A note arrived from someone who obviously couldn’t pass up an orphaned HP 7475A plotter:
The plotter I received works beautifully, except that the carousel doesn’t rotate. I found a YouTube video showing a 7475a running with the cover off, and there’s a little plastic piece – it looks like a teardrop – that advances the carousel, and is apparently part of the carousel motor assembly. Mine is missing that piece …
The keyword is Geneva drive, a wonderfully simple technique to convert one rotation of the stepper motor into 1/6 turn of the pen carousel, with no need for fancy sensors.
The (unofficial) HP Computer Museum has All The HP 7475A Documents and the Plotter Service Manual shows All The Parts. And, of course, I’ve written a bit about my adventures with an old 7475A.
Back in the day, you could get the entire Pen Carousel Housing Assembly w/ Motor (PN 07475-60175) as a unit and the Carousel Motor Only (PN 3140-0687) as a separate thing, but not the Geneva drive wheel:
The cam’s drive wheel end (in inches, because early 1980s):
- 0.25 thick overall
- 0.10 thick plate under pin end
- 1.09 OD – rounded end
The pin sticking up from the cam:
- 0.154 OD (or fit to slot?)
- 0.16 tall (above base plate)
I have no good (i.e., easy + accurate) way to measure the distance from the motor shaft to the pin, but I doubt it’s critical. As long as the pin doesn’t quite whack the hub end of the slot, it’s all good:
The 0.10 plate + 0.16 pin height don’t quite add up to the 0.25 overall measurement, but that’s certainly measurement error. I’d round the pin length downward and carve the drive from a 1/4 inch sheet.
A 3D printed part would probably work, apart from the accuracy required to fit the D-shaped motor shaft. Perhaps a round hole, reamed to fit the shaft, carefully aligned / positioned, with epoxy filling the D-shaped void, would suffice. A dent in the round hole would give the epoxy something to grab.
I’d be sorely tempted to use an actual metal / plastic rod for the pin, rather than depend on a stack of semi-fused plastic disks. The pin must withstand hitting the end of the “missing” slot during the power-on indexing rotation, because turning the carousel isn’t quite a non-contact sport. Normally, though, it enters the end of the slot without much fuss:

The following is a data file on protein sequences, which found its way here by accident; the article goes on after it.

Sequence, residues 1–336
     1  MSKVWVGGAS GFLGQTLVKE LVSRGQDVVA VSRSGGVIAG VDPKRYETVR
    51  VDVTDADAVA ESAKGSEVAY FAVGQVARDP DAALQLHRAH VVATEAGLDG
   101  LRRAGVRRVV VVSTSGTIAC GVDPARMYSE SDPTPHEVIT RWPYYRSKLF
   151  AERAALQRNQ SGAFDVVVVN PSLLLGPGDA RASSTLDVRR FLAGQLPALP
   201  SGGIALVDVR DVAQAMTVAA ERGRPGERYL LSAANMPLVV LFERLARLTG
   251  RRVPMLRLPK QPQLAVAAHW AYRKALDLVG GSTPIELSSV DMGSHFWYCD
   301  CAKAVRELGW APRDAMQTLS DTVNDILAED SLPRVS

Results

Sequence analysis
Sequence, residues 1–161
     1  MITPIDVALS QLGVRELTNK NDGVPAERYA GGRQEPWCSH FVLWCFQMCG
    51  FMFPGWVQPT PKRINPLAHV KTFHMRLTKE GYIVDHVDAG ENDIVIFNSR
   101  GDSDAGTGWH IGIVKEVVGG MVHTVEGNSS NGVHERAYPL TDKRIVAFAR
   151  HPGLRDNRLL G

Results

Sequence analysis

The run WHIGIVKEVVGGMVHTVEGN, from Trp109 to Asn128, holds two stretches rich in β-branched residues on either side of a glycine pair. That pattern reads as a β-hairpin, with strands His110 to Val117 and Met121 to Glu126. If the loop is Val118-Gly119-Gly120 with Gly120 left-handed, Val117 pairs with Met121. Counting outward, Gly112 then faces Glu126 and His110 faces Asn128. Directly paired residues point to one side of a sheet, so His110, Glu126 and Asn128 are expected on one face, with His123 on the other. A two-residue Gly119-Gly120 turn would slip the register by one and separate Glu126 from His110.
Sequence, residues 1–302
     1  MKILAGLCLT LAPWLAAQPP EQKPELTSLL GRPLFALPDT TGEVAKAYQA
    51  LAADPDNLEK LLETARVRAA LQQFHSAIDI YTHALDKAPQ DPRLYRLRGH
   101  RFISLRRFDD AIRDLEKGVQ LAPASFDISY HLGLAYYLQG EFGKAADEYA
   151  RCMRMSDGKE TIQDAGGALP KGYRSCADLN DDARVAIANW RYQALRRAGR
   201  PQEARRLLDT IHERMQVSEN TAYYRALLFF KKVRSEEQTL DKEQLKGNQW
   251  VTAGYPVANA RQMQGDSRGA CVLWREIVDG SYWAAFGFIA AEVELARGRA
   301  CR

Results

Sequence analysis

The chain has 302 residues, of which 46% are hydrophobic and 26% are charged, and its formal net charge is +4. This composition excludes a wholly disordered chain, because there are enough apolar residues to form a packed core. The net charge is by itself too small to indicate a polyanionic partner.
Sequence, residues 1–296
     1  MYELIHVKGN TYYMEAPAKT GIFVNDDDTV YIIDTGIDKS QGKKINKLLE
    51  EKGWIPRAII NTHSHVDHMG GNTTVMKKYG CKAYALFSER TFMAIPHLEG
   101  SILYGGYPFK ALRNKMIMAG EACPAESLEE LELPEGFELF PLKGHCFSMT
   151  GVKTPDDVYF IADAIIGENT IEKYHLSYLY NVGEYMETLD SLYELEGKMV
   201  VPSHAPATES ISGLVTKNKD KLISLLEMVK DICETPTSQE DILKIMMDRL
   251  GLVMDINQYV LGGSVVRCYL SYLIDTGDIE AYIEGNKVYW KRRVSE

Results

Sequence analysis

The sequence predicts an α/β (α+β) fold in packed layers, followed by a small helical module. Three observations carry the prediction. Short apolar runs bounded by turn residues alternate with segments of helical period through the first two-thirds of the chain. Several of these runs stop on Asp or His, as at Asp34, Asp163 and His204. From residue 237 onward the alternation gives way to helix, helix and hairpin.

The blocked slot sits at the bottom of that picture, with a small locating pin sticking upward just above the circular feature at the end of the arm: we’re seeing the negative of a plug inserted into the original injection mold.
With a bit of luck, another HP 7475A plotter will fascinate everybody within hearing distance!
[Update: It lives! ]
3 thoughts on “HP 7475A Plotter: Pen Carousel Geneva Drive”
A Geneva drive is also used in motion picture cameræ and projectors to advance the film, as it gives the needed quick motion with pauses in-between and can easily be synchronized with the shutter. I’ve seen several things built with a stop at one or both extremes so a mechanism can find its home position without a sensor by just advancing far enough that it would be at the stop. The old “QIC” (quarter inch cartridge) drives did this for head positioning, it was fairly noisy and banged away at the stop. It seemed to me to be a little violent and primitive for a precision mechanism.
The rattle clatter snap as the plotter indexes the carousel to Pen 1 for the first time always makes the bystanders twitch. These days, it would surely fail some environmental noise level spec.
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